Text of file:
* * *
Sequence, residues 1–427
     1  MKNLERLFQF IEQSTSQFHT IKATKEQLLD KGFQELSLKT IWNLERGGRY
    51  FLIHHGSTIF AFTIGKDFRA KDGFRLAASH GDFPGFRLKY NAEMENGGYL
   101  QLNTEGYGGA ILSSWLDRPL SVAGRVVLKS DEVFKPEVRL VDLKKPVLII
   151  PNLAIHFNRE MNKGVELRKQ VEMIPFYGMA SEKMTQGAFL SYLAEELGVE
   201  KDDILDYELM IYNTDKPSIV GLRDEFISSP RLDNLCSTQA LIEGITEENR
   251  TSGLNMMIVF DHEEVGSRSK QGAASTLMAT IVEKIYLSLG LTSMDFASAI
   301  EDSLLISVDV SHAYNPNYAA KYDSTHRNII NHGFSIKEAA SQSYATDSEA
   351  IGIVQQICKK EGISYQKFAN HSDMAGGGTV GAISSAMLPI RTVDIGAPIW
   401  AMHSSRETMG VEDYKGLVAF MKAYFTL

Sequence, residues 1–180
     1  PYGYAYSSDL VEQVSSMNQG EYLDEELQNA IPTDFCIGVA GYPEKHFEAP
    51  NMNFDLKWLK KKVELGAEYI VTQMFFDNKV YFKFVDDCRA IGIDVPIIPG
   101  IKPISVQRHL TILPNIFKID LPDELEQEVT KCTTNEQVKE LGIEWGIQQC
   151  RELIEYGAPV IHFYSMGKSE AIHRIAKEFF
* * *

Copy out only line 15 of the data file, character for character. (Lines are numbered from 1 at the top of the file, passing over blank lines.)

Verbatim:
   151  RELIEYGAPV IHFYSMGKSE AIHRIAKEFF